#13 – John Field – Using Ethiopian mustard for aviation fuel and carbon sequestration

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Carbon Sequestration & GHG Mitigation in Carinata Cropping Systems

Dr. John Field, R&D Staff Member, Environmental Sciences Division, Oak Ridge National Laboratory

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Ethiopian mustard (Brassica carinata) can produce substantial amounts of aviation fuel and soil carbon benefits when grown as a winter crop in the southeastern US.

Abstract

The oilseed Ethiopian mustard (Brassica carinata) has been proposed as a supplemental cash crop grown over the winter fallow season in the mild climates of the southeastern US and used as a feedstock for sustainable aviation fuel (SAF) production, with potential co-benefits for soil carbon and other ecosystem services. In this work we used a process-based ecosystem model to establish initial expectations for total regional SAF production potential and associated soil greenhouse gas (GHG) emissions when carianata is integrated into existing annual crop rotations across its frost-tolerant range in Alabama, Florida, and Georgia. We calibrated the DayCent ecosystem model based on carinata field trials in the region, and used it to evaluate the yields, soil carbon, and nitrous oxide emissions when carinata is integrated once ever third winter within those existing crop rotations. We estimate this could produce more than one billion liters of SAF annually and would be approximately neutral in terms of cropland soil GHG emissions. However, the adoption of climate-smart management techniques such as no-till establishment or organic amendments would result in a substantial soil carbon sink, significantly improving the overall environmental footprint of the resulting SAF.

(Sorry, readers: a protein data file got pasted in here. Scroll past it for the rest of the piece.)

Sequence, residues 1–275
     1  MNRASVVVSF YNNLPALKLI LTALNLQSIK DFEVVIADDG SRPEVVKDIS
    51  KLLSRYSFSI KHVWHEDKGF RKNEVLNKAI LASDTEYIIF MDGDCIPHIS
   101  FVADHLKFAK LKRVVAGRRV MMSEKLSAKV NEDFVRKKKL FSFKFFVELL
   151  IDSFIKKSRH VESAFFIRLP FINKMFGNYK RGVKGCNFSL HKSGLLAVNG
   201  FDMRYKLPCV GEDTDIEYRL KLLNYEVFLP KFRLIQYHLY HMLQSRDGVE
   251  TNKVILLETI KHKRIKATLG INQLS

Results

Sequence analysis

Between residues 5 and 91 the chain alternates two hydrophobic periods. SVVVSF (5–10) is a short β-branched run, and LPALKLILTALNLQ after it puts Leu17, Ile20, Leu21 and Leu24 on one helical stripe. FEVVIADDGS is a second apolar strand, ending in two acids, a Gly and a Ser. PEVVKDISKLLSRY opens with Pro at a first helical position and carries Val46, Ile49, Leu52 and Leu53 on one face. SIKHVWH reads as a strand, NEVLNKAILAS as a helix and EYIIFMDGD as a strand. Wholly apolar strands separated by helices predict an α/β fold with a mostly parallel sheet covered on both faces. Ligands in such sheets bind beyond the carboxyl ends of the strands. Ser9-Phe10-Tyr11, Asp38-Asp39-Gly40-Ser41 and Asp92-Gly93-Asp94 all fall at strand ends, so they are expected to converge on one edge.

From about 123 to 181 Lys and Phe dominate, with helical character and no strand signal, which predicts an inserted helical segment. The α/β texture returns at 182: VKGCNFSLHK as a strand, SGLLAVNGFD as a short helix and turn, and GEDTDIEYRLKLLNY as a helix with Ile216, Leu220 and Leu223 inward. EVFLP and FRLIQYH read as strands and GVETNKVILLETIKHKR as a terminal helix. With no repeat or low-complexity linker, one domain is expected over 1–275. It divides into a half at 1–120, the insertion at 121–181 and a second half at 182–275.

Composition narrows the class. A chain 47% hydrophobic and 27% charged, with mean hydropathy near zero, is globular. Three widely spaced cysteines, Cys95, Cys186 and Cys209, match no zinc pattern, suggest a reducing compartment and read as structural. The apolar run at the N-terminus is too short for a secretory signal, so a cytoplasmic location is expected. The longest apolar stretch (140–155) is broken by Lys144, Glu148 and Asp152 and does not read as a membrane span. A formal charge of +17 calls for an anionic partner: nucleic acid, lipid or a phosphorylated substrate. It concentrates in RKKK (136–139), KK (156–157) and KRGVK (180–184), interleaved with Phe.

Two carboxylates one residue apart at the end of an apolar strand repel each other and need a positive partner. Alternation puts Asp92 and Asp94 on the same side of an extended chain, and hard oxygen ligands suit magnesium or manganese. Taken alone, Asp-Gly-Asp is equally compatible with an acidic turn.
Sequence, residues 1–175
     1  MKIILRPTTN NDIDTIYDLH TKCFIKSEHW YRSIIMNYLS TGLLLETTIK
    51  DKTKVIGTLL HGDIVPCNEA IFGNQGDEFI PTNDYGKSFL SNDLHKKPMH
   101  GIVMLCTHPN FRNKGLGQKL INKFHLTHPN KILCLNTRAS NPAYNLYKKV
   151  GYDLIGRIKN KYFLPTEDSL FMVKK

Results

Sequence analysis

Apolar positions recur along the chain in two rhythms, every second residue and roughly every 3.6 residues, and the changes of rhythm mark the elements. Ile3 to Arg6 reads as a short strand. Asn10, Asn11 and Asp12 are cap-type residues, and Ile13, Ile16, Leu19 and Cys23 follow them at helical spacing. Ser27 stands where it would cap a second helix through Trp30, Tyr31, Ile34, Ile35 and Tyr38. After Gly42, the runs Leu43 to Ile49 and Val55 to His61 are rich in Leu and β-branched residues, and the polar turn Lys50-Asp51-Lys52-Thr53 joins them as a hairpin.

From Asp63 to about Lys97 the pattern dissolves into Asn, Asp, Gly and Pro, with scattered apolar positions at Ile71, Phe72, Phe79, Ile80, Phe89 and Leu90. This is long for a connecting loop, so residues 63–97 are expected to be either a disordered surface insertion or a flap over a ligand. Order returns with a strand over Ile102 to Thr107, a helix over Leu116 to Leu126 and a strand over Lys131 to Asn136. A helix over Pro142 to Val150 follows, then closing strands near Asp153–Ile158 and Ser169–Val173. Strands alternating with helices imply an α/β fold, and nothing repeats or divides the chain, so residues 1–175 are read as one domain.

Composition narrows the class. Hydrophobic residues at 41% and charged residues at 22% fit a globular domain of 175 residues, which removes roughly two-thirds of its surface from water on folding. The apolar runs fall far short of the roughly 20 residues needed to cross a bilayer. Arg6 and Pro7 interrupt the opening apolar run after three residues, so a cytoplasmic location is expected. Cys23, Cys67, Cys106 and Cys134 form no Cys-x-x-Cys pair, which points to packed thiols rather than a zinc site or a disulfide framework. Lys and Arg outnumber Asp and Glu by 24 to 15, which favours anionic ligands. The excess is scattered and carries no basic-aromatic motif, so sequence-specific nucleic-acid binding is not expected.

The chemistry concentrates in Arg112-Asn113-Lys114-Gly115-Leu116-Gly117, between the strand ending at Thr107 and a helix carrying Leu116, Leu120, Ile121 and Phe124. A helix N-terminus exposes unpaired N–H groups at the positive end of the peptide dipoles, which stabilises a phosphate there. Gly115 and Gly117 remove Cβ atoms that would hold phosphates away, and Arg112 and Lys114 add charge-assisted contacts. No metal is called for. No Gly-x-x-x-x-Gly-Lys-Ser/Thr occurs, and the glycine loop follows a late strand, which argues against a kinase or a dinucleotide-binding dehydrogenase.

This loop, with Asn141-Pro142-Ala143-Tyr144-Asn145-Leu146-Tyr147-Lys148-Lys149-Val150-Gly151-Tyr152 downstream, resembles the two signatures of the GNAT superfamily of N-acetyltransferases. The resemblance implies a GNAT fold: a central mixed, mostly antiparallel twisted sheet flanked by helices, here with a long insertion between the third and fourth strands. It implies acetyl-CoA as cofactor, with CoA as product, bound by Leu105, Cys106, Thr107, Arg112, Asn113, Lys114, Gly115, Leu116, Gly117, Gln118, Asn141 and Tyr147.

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Speaker Bio

Dr. John Field is a R&D Staff Member in the Bioresource Science & Engineering Group within the Environmental Sciences Division at Oak Ridge National Laboratory. He studies the performance of bioenergy systems at the intersection of ecosystem ecology and life cycle assessment, using process-based ecosystem models to evaluate the effect of biomass feedstock production on ecosystem carbon storage and greenhouse gas emissions. Feedstocks he has studied include switchgrass, corn stover, winter oilseed crops, and wood from trees killed by mountain pine beetle outbreaks in the Rocky Mountains. Much of his work has focused on bioenergy landscape design, including how feedstock production could be targeted on marginal lands to maximize environmental benefits. He has a particular interest in carbon-negative bioenergy systems, including carbon capture and storage technology, and pyrolysis and gasification systems that co-produce biochar. John received his BSc from Case Western Reserve University and his PhD from Colorado State University. He was previously a research scientist at the Colorado State University Natural Resource Ecology Laboratory.

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